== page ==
'Acidic' collection

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Unc90o
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'Acidic' collection

Post by Unc90o » Mon Feb 25, 2019 5:41 pm

I had mentioned this on another thread which probably got lost there. So anyway, there are quite a few acid treated dies from 1878-1882 (may even go beyond 82). Should we have (or start) a collection or a set list on SSDC registry for this? What do you all think?

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Raybob15239
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Re: 'Acidic' collection

Post by Raybob15239 » Mon Feb 25, 2019 6:30 pm

I have seen the term before but never understood it. What does an acid treated die look like? For what purpose would.acid be used on the die?
I swear, someday I will learn how to grade Peace Dollars!

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Unc90o
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Re: 'Acidic' collection

Post by Unc90o » Mon Feb 25, 2019 6:38 pm

When the Mint polished out a Die, sometimes they over polished and made either a missing feature or an empty area. In their attempt to mend it, they sometime used acid to treat the area instead of re-engraved it.

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messydesk
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Re: 'Acidic' collection

Post by messydesk » Mon Feb 25, 2019 6:55 pm

One of the beauties of the registry is the ability to design whatever set you want. An "acid die" set sounds like a fun one. I'm surprised there is anything after 1881 that falls into this category. The San Francisco mint was reprimanded for the practice of touching up dies in 1881 when they were messing with a $10 Lib. reverse, being told to stop and that if they were allowed to make small modifications, there was little to stop them from making major ones. The 82-S coins that are listed as having acid-treated dies are either very minor or questionable. It's possible that the touched up 82-S reverse was leftover from 1881, given the reprimand.
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Unc90o
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Re: 'Acidic' collection

Post by Unc90o » Mon Feb 25, 2019 7:20 pm

Not sure about 82s v34, but I will chk on my 82s v3.

fogie
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Re: 'Acidic' collection

Post by fogie » Mon Feb 25, 2019 7:49 pm

Shoot me a list of VAMs you want in the set and I will see to building the set in the registry. Sounds like a fun little set.

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Unc90o
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Re: 'Acidic' collection

Post by Unc90o » Mon Feb 25, 2019 8:07 pm

PM sent

vamsterdam
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Re: 'Acidic' collection

Post by vamsterdam » Mon Feb 25, 2019 10:13 pm

Too bad I didn’t think of this. I’ve been pushing the idea that they used acid for eons. I got really vocal about it because Leroy kept calling the 79s v45 counterfeit. I then compared the raised pitting in the leaves with the lava like appearance of 1878s vam49, 50, 76, and 81. I said that it had to be acid. I know what acid does to metal. Although I pushed the idea, lots of these dies had already been discovered as funky feathers but I never thought of putting them into a registry set. I do mention them all in my 1879s talk that I do for coin clubs but hats off to Nico for thinking of it. It would be a great set.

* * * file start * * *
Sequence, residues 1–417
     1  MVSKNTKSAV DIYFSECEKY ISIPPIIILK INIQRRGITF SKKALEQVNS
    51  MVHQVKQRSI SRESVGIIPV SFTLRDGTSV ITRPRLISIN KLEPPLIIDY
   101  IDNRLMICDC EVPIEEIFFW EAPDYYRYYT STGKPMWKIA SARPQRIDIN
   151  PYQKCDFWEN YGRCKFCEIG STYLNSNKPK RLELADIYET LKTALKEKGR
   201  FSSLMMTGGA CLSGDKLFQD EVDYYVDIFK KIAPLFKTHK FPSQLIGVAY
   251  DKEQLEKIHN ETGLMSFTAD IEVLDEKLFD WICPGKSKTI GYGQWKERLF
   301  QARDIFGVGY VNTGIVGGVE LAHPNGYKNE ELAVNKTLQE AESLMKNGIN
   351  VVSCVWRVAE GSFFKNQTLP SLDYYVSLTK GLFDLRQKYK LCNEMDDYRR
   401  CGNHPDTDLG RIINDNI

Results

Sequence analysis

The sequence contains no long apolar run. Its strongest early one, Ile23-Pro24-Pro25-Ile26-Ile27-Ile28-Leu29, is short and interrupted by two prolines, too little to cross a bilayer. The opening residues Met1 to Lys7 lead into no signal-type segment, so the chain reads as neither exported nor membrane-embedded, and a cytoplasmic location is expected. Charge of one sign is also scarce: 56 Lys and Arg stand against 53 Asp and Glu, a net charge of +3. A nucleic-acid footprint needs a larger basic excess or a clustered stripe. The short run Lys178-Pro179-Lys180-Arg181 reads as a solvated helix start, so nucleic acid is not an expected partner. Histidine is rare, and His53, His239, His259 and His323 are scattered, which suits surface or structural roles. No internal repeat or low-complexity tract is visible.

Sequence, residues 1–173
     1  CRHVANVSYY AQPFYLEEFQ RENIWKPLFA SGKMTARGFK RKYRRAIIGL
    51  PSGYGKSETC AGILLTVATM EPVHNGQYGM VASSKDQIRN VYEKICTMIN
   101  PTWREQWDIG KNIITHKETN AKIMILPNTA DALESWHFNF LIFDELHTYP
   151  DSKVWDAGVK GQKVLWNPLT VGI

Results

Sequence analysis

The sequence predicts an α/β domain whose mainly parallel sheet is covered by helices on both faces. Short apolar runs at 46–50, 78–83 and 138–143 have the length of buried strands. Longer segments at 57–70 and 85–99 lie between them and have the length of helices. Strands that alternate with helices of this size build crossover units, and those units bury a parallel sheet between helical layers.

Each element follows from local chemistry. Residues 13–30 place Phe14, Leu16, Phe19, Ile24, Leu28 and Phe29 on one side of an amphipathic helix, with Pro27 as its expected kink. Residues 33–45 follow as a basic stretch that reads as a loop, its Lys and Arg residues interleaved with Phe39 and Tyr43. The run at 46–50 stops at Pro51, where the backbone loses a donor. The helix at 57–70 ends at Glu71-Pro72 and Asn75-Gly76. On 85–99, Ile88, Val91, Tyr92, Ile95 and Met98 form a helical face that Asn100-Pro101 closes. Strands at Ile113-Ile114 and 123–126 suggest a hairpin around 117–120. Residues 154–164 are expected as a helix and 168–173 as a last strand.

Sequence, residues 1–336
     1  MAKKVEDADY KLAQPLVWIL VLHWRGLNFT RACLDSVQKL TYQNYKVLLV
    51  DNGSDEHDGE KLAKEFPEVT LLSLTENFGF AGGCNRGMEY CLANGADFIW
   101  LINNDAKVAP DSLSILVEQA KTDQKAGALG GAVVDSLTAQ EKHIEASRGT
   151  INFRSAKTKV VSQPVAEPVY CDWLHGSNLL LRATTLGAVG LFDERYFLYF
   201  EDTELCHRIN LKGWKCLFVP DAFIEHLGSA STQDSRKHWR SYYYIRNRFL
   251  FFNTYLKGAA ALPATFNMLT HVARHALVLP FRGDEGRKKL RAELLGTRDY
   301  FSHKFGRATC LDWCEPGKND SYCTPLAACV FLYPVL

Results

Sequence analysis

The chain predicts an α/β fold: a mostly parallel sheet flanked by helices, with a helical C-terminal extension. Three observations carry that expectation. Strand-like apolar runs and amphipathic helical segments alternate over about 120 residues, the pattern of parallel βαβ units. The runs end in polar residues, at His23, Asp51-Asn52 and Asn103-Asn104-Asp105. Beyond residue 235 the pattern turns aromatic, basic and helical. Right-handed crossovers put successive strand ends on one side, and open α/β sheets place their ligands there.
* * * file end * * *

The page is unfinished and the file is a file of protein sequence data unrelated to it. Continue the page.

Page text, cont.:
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Unc90o
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Re: 'Acidic' collection

Post by Unc90o » Mon Feb 25, 2019 11:26 pm

Brian - if it wasn't because of you, I would probably still clueless with those groovy vams :lol:

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Re: 'Acidic' collection

Post by vamsterdam » Tue Feb 26, 2019 2:45 am

The 79s’s and some of their 78s precursors are one of my favorite topics.

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Unc90o
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Re: 'Acidic' collection

Post by Unc90o » Tue Feb 26, 2019 8:14 pm

1882-S VAM-3 confirmed being acid treated
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Unc90o
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Re: 'Acidic' collection

Post by Unc90o » Tue Feb 26, 2019 8:16 pm

And, here is for 1880-S VAM-7, if someone could help post it on the page, thanks.
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Raybob15239
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Re: 'Acidic' collection

Post by Raybob15239 » Tue Feb 26, 2019 8:27 pm

Were there ever any Peace Dollars that were acid treated? Just curious. Thanks.
I swear, someday I will learn how to grade Peace Dollars!

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messydesk
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Re: 'Acidic' collection

Post by messydesk » Tue Feb 26, 2019 9:19 pm

Are 82-S VAM 3 and 80-S VAM 7 definitely different reverse dies? I just pinged Roger Burdette so he can send better info about SF being told to knock it off with regard to these modifications. I'll post what I get.
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Unc90o
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Re: 'Acidic' collection

Post by Unc90o » Tue Feb 26, 2019 10:32 pm

Yes. 82-S VAM 3 and 80-S VAM 7 are definitely different reverse dies.
80-S VAM 7 is S/S with centered location both left/right and top/bottom. Upper tail feather has scattered pitting a bit overpolished.
82-S VAM 3 mm is slight tilt left and a bit low. Upper tail feather is normal.

fogie